The Special Olympics Chicago (SOC) Spring Games are returning this year—and so is a neighborhood tradition that sends local athletes off to the games in style.

Kids Helping Kids Day is being held at several elementary schools during the week of May 3, when the Spring Games take place.

Students will wear red at dress-down days and raise funds for SOC, and they’ve created personalized signs cheering on athletes from the Mt. Greenwood Special Recreation Association (MGSRA).

Maureen O’Malley helped organize the first fundraiser in 2017, and she won’t forget how excited the athletes were to see their signs at Mt. Greenwood Park.

“That was a huge hit the first year,” O’Malley said. “The kids absolutely loved that. They were so excited to see their names on the wall in the hallways. That was a really big deal.”

The games were canceled last year due to the pandemic and are returning this year in a modified format. The opening ceremonies were held virtually on May 3, and in-person track and field events will take place at Dunbar Park, 2900 S. Calumet Ave., from Tuesday, May 4, through Thursday, May 6. The closing ceremonies will be held virtually on Friday, May 7.

MGSRA Coordinator Lisa Mulcrone said the entire wall of a hallway in the park fieldhouse is covered with supportive signs, which were also made for participants who learn virtually.

The gesture of support certainly fires up her athletes, who will compete in the Spring Games on May 6.

“It’s pretty inspiring,” Mulcrone said. “It’s really nice. It’s such cute things all the kids wrote.”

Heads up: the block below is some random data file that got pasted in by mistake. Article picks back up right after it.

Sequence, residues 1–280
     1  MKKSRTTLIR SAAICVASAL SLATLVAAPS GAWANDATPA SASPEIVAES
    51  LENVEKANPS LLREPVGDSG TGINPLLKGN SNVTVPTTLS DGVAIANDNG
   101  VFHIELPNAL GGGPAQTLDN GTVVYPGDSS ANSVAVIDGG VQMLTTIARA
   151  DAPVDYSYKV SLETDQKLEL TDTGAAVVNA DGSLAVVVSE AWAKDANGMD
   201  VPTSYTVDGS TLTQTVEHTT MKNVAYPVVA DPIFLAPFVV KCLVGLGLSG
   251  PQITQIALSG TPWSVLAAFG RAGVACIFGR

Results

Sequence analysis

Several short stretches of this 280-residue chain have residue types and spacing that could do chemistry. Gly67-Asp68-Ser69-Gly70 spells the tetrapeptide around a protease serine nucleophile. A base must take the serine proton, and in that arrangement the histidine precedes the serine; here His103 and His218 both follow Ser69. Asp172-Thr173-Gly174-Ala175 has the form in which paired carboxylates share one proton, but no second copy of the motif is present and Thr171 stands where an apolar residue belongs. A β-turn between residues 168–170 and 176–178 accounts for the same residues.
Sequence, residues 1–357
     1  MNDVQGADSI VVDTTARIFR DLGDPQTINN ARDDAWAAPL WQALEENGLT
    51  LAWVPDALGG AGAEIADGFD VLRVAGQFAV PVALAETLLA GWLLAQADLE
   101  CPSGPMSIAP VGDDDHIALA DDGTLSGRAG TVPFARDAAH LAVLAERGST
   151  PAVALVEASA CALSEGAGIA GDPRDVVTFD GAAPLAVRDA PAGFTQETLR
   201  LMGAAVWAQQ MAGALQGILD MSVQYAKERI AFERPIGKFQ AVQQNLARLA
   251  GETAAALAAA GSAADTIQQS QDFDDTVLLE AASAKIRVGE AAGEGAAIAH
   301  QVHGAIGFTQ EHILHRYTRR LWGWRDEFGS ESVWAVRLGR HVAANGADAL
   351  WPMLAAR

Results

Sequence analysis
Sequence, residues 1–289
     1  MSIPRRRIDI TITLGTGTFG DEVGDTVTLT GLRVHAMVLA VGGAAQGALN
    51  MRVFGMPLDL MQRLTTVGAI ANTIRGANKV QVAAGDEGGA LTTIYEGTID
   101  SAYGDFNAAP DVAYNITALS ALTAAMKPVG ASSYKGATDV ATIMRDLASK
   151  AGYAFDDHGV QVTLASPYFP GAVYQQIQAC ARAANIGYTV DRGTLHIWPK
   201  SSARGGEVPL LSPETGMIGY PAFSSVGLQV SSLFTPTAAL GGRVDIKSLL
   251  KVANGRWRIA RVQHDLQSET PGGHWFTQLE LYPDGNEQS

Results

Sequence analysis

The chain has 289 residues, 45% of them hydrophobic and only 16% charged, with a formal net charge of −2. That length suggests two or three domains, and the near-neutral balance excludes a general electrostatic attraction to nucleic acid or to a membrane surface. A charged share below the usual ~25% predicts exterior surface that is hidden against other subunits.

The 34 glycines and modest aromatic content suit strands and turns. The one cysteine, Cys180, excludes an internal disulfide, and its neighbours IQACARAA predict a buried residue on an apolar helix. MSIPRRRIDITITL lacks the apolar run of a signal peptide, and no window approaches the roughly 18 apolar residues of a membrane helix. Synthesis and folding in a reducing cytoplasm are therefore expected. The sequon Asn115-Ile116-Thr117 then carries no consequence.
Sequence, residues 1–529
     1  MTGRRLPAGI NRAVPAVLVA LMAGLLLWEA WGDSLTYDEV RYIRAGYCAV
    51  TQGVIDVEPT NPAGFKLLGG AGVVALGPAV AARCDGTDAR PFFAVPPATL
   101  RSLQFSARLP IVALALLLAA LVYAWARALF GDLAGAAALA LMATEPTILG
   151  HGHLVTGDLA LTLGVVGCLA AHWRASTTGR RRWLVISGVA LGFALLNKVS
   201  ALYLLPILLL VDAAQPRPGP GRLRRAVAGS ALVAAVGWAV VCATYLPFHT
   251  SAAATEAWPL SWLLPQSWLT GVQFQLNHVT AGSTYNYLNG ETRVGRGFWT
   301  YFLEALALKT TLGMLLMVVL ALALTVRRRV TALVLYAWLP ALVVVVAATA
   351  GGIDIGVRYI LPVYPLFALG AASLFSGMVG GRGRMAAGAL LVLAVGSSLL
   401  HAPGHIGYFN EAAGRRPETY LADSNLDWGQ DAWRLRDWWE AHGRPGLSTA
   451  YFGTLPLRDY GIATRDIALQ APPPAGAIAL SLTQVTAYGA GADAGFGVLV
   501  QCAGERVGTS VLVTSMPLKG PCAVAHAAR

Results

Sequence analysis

Schools participating in Kids Helping Kids Day this year include St. John Fisher, Christ the King, St. Cajetan, St. Christina, St. Barnabas, Most Holy Redeemer, Cassell and Clissold.

The supportive signs will also be displayed on a fence at Dunbar Park, where athletes will pose for photos. For the entire week, they will feel like they’re on cloud nine.

“It gets them excited,” Mulcrone said. “They feel like they’re superstars. It just makes them feel good.”

As a speech therapist, O’Malley works with people with special needs, and she lauded Mulcrone for her hardworking approach that always keeps MGSRA participants busy. During the pandemic, Mulcrone has turned to online activities, but she’s looking forward to participants returning to the park in June. She’s also beginning a program for 4-, 5- and 6-year-olds.

Financial support helped her construct an MGSRA fitness space in a park building that was fortunately not seriously damaged by a recent fire.

O’Malley said supporting SOC this year is especially vital because fundraising events have been altered during the public health crisis.

She has long admired the opportunities that SOC provides athletes.

“I just have seen how much Special Olympics benefits our kids and our families,” O’Malley said. “It’s such a good support for our families, especially our younger kids that are just trying to learn about this new world that they’ve been dropped into. I just really see the benefits that are so far reaching that Special Olympics can provide.”

Local students have also volunteered to work alongside Special Olympics athletes, O’Malley said. Kids helping kids isn’t just one day, but a mindset for life.

“I think the students learned some valuable lessons,” she said, “like exactly what Special Olympics is, and how much these kids are just like you and want to play sports and have fun and excel.”

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